Actually, there’s a simple way to prove that telling people what to do doesn’t work. Here it is: Do you like being told what to do? Are you more likely to make a change if you’re told to do something or if you choose to implement that change on your own? In reality, no one likes being told what to do. And while we might comply with a demand that’s made of us, it will rarely result in any lasting change.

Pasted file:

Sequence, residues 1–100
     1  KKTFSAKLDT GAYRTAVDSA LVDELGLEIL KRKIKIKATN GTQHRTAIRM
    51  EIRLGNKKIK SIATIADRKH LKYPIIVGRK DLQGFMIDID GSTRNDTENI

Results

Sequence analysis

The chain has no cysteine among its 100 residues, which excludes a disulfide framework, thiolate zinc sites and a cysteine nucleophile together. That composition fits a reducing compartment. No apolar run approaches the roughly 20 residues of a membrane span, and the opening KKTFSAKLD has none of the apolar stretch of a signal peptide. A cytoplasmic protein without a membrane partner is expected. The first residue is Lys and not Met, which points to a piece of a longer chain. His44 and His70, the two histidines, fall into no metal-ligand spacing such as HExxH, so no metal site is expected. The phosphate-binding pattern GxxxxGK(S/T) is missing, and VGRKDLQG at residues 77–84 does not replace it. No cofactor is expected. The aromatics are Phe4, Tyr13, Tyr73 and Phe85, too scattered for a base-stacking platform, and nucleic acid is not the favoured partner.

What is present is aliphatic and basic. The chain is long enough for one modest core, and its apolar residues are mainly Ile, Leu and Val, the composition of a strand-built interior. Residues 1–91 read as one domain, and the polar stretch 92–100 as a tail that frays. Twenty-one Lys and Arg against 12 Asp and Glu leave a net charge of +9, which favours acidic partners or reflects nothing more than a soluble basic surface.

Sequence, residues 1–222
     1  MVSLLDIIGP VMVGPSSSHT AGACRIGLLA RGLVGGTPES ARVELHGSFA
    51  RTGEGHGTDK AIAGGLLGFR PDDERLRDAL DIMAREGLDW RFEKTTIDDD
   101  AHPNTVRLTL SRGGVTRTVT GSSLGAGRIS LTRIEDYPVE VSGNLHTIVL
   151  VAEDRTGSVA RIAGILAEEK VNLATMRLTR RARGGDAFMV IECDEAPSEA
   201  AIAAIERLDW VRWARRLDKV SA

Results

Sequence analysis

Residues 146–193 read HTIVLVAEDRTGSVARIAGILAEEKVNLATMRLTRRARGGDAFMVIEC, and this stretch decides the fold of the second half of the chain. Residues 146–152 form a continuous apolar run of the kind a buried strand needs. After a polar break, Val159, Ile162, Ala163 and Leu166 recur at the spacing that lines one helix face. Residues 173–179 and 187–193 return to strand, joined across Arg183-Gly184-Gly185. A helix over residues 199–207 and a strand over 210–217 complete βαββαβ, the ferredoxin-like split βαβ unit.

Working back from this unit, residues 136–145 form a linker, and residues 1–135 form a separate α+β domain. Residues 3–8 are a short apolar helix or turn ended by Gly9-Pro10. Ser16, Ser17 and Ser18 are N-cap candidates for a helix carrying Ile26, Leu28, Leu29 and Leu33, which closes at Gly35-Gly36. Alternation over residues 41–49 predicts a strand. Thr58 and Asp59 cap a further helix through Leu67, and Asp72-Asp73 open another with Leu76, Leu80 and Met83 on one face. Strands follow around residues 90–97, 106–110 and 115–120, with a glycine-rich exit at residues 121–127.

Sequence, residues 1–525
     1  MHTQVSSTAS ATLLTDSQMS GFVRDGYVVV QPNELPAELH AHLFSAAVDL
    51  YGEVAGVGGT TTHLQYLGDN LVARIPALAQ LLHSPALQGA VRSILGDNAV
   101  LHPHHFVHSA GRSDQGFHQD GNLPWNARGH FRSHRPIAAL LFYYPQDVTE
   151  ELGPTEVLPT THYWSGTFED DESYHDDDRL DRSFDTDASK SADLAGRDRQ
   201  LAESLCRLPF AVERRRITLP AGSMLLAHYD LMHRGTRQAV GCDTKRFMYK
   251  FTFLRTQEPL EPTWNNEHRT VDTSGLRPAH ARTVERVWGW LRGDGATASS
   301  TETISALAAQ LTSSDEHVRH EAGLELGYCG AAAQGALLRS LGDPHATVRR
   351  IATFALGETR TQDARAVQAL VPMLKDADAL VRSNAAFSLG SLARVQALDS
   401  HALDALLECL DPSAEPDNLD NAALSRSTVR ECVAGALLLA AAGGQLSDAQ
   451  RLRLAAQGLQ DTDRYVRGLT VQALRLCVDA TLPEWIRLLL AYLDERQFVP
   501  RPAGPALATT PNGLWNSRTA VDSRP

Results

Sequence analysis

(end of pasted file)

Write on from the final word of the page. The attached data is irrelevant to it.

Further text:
There’s some pretty good science to explain why this is true. According to an article by David Rock in the Neuro Leadership Journal the approach (reward) – avoid (threat) response is a reflexive activity that occurs unconsciously and automatically.  We quickly perceive situations and stimuli as containing either a threat or a reward. Not surprisingly, the way we perceive those situations determines whether we engage or we avoid. According to Rock, “Engagement is a state of being willing to do difficult things, take risks, to think deeply about issues and develop new solutions.” (emphasis added). That’s the goal of coaching!